Leslie A. Stone
Leslie is the current Director of Strategic Services at Ogilvy & Mather NY, an NYC-based advertising, marketing and public relations agency with a wide experience in luxury, finance, tech, retail, and non-profits.
Leslie is a passionate champion of great people and big ideas. She thrives in collaboration with clients, suits and creatives alike; working with integrated teams to create the elusive “red thread”; brainstorming; and shepherding young talent. Leslie favors simplicity over jargon and conversation more than charts. This humanistic approach has fueled a career marked by award winning work across the brand, advertising, and media world as both hired gun and in-agency leader.
For American Express, she created a blind social experiment: in-home cocktail parties that led to a modern reinterpretation of “Membership” and a new talent strategy. This brief became the Brand’s first ever global campaign: “My Life, My Card” featuring Ellen Degeneres, Robert DeNiro and M.Night Shyamalan (Gold Effie). In home research with spouses informed a 2-year NPD path and created the ONE card, a non-travel related credit card. Trend analysis, projective techniques, and on-the-street research led to a unique point of view for Wonderbra with a target audience inspired equally by Holly Go Lightly and Seinfeld’s Elaine (Silver Effie). In 2005, she was privileged to work directly with Tribeca Film Festival founders Jane Rosenthal and Robert DeNiro to craft a new mission statement. This work inspired a Gold Effie winning campaign, new film trailer and the Brand’s iconic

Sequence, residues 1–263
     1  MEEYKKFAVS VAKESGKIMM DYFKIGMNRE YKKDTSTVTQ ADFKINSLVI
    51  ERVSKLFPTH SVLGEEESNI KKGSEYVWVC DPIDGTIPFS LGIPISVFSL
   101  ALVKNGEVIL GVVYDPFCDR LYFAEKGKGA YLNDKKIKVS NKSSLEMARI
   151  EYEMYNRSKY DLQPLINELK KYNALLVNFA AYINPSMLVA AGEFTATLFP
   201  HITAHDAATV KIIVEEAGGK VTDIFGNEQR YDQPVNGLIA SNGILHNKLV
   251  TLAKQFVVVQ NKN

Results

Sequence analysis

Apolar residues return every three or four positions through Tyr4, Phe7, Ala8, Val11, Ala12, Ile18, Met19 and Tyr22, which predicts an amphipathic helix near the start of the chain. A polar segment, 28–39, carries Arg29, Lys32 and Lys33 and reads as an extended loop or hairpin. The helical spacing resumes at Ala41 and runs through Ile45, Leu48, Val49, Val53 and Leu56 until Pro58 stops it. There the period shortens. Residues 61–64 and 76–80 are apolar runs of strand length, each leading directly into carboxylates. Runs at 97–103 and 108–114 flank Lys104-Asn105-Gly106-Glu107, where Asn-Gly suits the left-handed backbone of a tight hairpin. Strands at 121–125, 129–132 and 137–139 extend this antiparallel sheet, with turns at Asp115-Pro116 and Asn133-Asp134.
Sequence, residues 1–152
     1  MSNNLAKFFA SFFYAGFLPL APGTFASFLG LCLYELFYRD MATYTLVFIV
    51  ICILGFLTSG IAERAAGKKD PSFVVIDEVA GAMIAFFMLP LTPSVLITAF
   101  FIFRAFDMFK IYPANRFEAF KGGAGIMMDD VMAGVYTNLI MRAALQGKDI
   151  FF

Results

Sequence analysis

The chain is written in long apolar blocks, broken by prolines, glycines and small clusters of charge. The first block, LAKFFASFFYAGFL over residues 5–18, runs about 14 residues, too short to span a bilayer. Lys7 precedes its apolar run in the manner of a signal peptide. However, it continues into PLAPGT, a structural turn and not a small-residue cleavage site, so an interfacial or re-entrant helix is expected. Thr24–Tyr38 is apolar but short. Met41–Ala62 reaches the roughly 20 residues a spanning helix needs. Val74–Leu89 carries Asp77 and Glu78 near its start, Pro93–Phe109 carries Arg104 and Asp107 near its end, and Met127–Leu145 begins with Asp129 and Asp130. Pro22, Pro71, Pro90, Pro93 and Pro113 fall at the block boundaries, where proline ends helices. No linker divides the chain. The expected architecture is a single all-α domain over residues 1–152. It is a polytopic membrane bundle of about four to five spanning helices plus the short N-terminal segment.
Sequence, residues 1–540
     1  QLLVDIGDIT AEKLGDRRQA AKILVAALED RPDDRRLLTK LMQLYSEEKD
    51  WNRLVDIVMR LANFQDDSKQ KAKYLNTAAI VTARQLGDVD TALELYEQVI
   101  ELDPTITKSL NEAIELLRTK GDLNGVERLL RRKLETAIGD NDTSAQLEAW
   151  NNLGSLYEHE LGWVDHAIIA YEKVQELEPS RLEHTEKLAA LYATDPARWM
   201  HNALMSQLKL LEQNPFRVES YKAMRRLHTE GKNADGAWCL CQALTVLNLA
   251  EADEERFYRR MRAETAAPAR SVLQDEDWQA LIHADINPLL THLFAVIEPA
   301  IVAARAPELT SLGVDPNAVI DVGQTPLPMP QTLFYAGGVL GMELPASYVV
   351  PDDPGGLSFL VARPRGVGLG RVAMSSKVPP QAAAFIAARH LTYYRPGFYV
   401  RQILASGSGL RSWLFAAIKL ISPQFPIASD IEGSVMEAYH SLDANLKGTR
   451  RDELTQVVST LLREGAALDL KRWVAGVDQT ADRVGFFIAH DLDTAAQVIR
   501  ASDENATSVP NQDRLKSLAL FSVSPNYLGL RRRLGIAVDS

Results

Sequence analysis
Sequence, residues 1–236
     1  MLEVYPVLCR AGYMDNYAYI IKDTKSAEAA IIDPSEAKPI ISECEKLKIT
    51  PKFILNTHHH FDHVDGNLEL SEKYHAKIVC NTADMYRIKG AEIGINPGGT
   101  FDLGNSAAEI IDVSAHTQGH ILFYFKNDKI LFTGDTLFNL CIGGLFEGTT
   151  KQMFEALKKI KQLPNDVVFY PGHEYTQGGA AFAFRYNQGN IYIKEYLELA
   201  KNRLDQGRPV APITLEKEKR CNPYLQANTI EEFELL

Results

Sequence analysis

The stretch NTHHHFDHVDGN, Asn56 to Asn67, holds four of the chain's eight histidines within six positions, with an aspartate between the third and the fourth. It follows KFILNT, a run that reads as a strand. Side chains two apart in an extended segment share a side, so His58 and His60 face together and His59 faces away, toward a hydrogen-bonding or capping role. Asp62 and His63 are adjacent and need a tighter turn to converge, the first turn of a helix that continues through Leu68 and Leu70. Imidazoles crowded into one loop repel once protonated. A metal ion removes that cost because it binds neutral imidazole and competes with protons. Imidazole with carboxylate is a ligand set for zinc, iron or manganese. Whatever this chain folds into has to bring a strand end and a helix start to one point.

logo. More importantly, the festival achieved its highest ever numbers for downtown economic recovery while increasing its industry legitimacy. For SAP she authored the brand strategy to the highly commoditized and competitive cloud category by using a strategy inspired by political campaigns. While working at Goodby Silverstein she led and won 2 major pitches for E*Trade and the best ever consumer electronic device: TiVo! She then partnered with Hoover to present and publish findings for the Advertising Research Foundation (ARF) on the impact of DVR technology. In 2000 she predicted the Golden Age of Content well before the launch of WiFi, Hulu or Netflix.